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Chronic fatigue self-management in primary care: a randomized trial (2013) Friedberg et al.

Discussion in 'Psychosomatic research - ME/CFS and Long Covid' started by ME/CFS Skeptic, Feb 4, 2019.

  1. ME/CFS Skeptic

    ME/CFS Skeptic Senior Member (Voting Rights)

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    I’ve been reading this 2013 study by Friedberg et al. Chronic fatigue self-management in primary care: a randomized trial.

    This isn’t a study of ME/CFS, but the paper claims that 39% of the 111 randomized participants did meet diagnostic criteria for CFS (Fukuda-criteria). I don’t think the diagnosis was checked or confirmed by a clinical investigation by the authors.

    The possible inclusion of patients with ME/CFS seems problematic because the intervention in this randomized trial is very similar to the controversial type of CBT-used in research from the UK and the Netherlands. In what Friedberg et al. call Fatigue Self-Management (FSM) patients received two therapy sessions with a nurse. In the first session, participants were educated about “possible causal factors in […] CFS and stress factors and stress factors and behaviors that play a role in disturbed sleep patterns, post-exertional symptoms, and push-crash activity cycles. Persistent fatigue was explained as a symptom associated with doing too much or too little.” In the second session, unhelpful behaviors and beliefs about the illness were identified. Low functioning patients were assigned a regular sleep schedule and gradual low effort walking to increase tolerance of physical activity. This all seems highly problematic as the study included patients with ME/CFS.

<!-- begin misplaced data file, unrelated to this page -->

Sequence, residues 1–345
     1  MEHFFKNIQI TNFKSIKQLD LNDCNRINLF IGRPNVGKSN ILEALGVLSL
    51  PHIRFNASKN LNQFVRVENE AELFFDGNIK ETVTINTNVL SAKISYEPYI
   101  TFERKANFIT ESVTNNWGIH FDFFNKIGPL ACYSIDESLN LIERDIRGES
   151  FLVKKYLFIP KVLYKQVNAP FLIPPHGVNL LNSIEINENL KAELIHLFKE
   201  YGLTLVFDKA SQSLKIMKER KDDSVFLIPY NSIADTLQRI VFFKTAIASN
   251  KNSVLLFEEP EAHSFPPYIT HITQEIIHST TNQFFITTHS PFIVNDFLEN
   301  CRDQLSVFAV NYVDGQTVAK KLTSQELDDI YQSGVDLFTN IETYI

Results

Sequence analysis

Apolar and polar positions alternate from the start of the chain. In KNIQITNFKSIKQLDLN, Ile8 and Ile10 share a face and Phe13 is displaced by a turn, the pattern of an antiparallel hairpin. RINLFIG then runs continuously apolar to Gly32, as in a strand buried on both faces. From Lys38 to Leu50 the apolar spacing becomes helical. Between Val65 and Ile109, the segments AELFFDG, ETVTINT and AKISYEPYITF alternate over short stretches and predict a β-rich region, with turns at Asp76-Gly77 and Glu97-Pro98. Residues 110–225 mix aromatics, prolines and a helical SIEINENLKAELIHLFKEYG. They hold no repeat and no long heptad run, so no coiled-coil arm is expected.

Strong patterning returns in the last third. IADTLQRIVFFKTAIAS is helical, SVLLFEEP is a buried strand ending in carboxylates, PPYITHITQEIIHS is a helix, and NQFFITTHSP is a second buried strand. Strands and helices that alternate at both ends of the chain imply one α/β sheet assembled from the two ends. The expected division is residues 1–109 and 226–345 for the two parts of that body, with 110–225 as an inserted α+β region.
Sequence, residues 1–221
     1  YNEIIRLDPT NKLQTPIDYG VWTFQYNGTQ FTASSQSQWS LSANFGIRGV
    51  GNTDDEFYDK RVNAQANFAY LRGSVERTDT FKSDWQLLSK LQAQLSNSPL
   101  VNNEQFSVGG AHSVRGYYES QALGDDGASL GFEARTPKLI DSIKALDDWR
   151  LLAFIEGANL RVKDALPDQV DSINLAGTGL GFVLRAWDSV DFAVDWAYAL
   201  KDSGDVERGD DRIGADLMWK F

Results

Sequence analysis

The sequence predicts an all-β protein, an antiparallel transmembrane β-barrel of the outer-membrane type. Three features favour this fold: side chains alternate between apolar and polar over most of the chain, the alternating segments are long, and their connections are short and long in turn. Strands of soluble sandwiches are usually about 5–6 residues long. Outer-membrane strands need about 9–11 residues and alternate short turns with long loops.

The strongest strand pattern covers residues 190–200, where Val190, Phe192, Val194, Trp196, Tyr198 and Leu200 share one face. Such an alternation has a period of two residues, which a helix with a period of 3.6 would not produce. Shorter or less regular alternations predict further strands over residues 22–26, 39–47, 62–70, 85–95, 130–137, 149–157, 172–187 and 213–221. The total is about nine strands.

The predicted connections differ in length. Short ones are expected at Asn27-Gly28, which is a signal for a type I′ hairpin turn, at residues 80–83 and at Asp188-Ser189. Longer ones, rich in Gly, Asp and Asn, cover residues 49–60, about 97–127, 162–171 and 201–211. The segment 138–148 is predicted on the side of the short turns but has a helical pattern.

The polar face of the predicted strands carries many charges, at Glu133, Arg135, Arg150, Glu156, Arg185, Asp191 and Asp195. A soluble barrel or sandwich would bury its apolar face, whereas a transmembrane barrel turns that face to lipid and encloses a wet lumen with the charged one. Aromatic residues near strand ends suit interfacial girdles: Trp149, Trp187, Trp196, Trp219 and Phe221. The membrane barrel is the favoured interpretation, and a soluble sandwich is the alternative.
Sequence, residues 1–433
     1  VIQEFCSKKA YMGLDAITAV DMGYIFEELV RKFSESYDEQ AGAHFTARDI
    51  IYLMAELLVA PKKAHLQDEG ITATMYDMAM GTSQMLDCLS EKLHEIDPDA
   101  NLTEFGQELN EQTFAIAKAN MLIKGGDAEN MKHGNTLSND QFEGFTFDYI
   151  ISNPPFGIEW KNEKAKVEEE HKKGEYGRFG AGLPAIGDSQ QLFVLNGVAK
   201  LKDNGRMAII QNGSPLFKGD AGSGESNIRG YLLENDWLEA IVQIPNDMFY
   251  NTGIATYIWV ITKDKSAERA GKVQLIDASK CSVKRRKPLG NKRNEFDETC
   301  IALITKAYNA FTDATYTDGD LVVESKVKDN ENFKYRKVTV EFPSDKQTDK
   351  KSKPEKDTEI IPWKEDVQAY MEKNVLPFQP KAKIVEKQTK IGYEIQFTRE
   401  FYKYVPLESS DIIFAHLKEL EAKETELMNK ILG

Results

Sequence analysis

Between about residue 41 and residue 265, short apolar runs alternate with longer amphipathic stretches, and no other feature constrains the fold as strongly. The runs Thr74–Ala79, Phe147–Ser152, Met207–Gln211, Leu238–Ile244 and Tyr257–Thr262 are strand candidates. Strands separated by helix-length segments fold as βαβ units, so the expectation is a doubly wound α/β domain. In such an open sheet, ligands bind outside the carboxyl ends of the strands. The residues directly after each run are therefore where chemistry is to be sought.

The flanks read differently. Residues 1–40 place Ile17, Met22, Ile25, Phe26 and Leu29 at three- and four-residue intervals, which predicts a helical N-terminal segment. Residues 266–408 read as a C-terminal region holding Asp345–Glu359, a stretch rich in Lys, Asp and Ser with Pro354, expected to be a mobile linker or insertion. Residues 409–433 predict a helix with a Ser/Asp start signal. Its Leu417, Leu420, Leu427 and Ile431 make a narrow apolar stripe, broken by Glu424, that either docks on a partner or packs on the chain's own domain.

The results were touted as positive, even though there were no objective outcomes in this unblinded trial. On the fatigue severity scale, patients in the FSM group showed a (statistically significant) larger reduction than patients in the control- and usual care group. But it seems like the control group (something called Attention Control which consisted of emotional support and training in symptom monitoring) didn’t actually work, as it performed similarly to usual care on the outcome of fatigue. Secondly, FSM did not outperform the other groups on secondary outcomes such as physical functioning (SF-36), depression or anxiety.

    The most important flaw, however, seems to be the high dropout rate. The results and effect sizes cited by Friedberg come from the 12 month follow up. But at that time only 19 patients or 51% of the original number of patients randomized to FSM, provided data. Outcomes were also measured 3 months after treatment and at that point still 81% of the patients in the FSM group provided data. If one looks at the numbers (table 2) one can see that most of the decline in fatigue in the FSM group occurred between the 3 month and 12 month assessments. So this was many months after patients received the short 2 therapy sessions. It is very unlikely that this decline had anything to do with FSM and very likely that it was due to the high dropout rate (patients who did not improve might be less inclined to provide data 12 months after the treatment).

    Unfortunately, I do not possess statistical skills, so I would like to ask the math magicians on this forum if it is possible to calculate p-values and effect sizes for the results for fatigue at the 3 month instead of the 12 month assessment. As far as I can see, this was not reported in the study, even though the raw data are available in table 2 (I tried to summarize it in the graph below).

    upload_2019-2-4_16-5-56.png